The result was a speech recognition system that is multilingual. It can search media in different languages based on the sounds that are produced instead of being focused on a single language’s particulars. For the Star Challenge, the Hasegawa-Johnson team trained it in 12 languages.

The payoff

After leading throughout the qualifying rounds, the Illinois team ultimately came in third. But Hasegawa-Johnson expects that the speech recognition system built for the Star Challenge will serve as a testbed for their work for the next few years.

“Language-independent speech recognition is something we have less of a handle on,” Hasegawa-Johnson says. But that’s the direction his team is headed.

Language-independent speech recognition systems move researchers away from systems that are trained for a single language. This, in turn, can be used to improve the operation of systems that today are easily tricked by varying accents or noise—like automated telephone systems that ask you to say the name of the party you are trying to reach or to say “two” for Spanish.

Their work is also being applied to speech recognition software for people with disabilities. A study under way in Hasegawa-Johnson’s group considers software for those with cerebral palsy, who often can’t use keyboards due to the impact the condition has on their muscles and motor control and whose speech is often slurred. They’re using data from 20 speakers with cerebral palsy and similar conditions, statistically modeling both the small and large impacts they can have on speakers.

By creating a dictionary of words customized to a speaker with cerebral palsy, researchers can improve the performance of contemporary speech recognition systems. One member of the study, for example, is understood only six percent of the time by a human listening to her and transcribing what she says. Using an automated speaker-independent system, accuracy drops to two percent. Using a custom dictionary, trained on her speech, accuracy rockets to 75 percent for the automated system, according to findings from the Hasegawa-Johnson team.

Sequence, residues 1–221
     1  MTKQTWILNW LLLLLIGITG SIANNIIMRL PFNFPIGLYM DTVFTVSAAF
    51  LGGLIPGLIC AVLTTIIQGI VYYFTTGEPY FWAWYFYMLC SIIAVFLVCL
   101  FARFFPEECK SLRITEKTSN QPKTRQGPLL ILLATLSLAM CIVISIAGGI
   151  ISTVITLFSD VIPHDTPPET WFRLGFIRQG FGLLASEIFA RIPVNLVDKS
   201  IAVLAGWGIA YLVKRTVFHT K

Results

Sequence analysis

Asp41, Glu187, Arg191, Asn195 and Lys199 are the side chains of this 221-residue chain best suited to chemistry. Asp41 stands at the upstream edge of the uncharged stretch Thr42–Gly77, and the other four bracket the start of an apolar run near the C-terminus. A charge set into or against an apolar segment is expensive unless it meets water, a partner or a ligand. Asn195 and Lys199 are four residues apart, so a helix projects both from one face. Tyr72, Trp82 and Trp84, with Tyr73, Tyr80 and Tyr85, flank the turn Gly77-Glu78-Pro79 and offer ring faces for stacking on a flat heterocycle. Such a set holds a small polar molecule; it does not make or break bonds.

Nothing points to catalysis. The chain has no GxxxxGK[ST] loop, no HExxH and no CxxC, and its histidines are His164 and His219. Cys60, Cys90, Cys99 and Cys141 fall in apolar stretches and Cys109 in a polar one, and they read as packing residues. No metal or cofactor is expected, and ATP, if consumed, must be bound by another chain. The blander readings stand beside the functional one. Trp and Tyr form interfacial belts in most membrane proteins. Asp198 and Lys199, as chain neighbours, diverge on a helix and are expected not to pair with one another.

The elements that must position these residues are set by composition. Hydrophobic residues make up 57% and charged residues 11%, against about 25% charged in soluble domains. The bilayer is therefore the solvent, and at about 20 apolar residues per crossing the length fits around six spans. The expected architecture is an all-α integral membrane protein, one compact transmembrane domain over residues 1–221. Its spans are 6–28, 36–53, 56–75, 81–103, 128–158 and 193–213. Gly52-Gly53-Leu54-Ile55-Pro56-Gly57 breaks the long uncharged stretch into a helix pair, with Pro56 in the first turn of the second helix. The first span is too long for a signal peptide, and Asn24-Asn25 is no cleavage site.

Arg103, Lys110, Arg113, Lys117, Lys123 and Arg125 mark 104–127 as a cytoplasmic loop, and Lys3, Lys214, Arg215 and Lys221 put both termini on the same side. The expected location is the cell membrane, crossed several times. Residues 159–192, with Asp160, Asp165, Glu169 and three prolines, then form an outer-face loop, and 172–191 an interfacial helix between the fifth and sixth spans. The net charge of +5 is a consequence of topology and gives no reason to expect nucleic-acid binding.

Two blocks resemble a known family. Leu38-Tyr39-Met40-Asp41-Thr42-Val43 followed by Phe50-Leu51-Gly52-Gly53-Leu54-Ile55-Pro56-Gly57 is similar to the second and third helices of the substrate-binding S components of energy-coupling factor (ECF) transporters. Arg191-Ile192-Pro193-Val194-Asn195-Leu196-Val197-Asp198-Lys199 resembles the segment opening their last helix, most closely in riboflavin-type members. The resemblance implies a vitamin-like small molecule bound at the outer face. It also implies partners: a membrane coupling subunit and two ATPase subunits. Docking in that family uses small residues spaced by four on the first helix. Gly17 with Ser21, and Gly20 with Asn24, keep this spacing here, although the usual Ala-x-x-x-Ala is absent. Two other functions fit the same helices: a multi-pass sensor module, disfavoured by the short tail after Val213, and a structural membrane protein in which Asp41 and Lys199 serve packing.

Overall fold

The problem is that custom dictionaries are expensive, time-consuming, and difficult to create. Language- and speaker-independent speech recognition systems may someday overcome that hurdle, understanding or automatically adapting to the nuances of that speech.

“We would like to make it possible to start from a speaker-independent system and adapt it gradually—or with relatively little training data—to the speech of a talker with cerebral palsy. Similar to the way that dictation software usually adapts to the speech of talkers with less unique characteristics, but using algorithms that are aware of the particular kinds of distortions that can happen in the speech of talkers with cerebral palsy,” Hasegawa-Johnson says. “It would, I think, give us the chance to improve accuracy. A lot, I hope.”

For more information, go to

This project was funded by the National Science Foundation and the National Institutes of Health.

Team members
Mark Hasegawa-Johnson
Yuxiao Hu
Jui-Ting Huang
Tom Huang
Heejin Kim
Zhen Li
Dennis Lin
Harsh Sharma
Xiaodan Zhuang
Xi Zhou

Disclaimer: Due to changes in website systems, we've adjusted archived content to fit the present-day site and the articles will not appear in their original published format. Formatting, header information, photographs and other illustrations are not available in archived articles.

Back to top